Computational superstition

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About Computational superstition

  • This project has not yet been fulfilled.
  • This project fits in the following Bachelor programs: {{#arraymap:|, |xXx|bachelorproject within::xXx|,}}
  • This project fits in the following masterareas: {{#arraymap:Computational Intelligence and Selforganisation, Technical Artificial Intelligence|, |xXx|project within::xXx|,}}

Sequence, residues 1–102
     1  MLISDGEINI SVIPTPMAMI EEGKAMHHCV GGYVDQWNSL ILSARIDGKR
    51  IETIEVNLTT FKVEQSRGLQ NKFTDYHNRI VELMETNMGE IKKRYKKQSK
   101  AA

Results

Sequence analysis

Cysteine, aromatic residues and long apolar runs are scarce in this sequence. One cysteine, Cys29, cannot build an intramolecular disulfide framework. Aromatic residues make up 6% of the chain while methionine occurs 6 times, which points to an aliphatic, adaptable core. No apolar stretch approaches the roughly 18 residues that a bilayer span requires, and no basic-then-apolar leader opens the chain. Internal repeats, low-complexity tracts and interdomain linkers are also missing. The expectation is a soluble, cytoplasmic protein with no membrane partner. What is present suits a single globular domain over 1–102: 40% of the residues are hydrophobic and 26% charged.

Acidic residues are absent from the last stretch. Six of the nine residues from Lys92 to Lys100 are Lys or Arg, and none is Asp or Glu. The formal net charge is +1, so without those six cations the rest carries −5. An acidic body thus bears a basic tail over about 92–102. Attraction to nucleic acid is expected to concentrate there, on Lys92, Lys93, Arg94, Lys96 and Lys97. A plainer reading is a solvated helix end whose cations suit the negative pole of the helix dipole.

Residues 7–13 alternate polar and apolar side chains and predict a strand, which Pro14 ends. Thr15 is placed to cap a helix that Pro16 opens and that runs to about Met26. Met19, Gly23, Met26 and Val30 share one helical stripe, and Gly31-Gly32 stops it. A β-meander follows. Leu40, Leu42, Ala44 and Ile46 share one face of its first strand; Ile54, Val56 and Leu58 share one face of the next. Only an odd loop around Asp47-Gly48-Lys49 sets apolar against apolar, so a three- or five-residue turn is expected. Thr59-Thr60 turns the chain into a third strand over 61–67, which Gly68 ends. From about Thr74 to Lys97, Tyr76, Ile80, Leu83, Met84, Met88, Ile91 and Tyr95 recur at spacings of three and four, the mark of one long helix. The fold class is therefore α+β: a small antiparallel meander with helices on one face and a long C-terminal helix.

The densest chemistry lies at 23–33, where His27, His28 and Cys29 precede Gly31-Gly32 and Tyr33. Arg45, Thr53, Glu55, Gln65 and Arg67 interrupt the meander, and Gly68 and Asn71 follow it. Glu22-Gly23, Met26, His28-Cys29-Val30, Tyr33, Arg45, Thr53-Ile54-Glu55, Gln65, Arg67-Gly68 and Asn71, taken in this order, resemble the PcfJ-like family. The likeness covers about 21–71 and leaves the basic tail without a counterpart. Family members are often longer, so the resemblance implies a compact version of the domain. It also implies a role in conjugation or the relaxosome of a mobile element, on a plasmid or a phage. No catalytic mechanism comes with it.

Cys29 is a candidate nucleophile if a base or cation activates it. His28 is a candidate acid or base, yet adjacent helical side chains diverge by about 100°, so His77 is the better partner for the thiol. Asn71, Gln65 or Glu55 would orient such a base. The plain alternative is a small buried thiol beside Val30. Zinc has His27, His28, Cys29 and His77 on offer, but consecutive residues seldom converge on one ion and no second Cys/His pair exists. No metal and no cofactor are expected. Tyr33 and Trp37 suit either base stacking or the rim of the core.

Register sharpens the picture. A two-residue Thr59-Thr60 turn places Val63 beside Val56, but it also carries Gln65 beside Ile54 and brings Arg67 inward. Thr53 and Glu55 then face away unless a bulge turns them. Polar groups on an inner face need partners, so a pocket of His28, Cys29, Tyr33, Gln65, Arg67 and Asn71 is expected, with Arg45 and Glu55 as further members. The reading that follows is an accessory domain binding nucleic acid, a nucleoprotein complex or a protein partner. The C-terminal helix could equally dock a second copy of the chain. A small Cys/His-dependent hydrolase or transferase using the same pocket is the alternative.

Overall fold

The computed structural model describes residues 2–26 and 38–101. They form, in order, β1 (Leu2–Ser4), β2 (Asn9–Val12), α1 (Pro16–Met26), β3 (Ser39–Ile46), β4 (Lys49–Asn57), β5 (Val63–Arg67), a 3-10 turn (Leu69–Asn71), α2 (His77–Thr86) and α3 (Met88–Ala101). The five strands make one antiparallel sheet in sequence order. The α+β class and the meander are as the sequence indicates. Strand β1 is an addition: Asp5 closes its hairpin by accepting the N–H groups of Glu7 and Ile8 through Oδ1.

The project involves two main tracks: Firstly, various datasets are to be downloaded from public sources, and various superstitions - using the relevant data set - are to be analysed using the data. For example, are there significantly more accidents on a Friday that happens to be the 13th day of a month, etc.? Can possible correlations be explained in some rational manner (literature will be helpful in these discussions)? Secondly, can we model how superstitious behaviour is born? For example, if we build a model with only several data instances at hand, we will certainly overfit the data and might build rules that do not generalise well ("When I arrived at the Netherlands it was raining, and now I expect rain every single morning"). More data usually eliminates wrong "branches" of models, but humans often keep holding superstitious thoughts. Without going very deep into the social aspect, can we somehow model/simulate an effect where wrong branches of a model remain even with large numbers of data instances? What is the dynamics of such a process? The project is focused on the computer science/modelling aspect of superstition, but it is recommended that it is supported by findings from social sciences/psychology.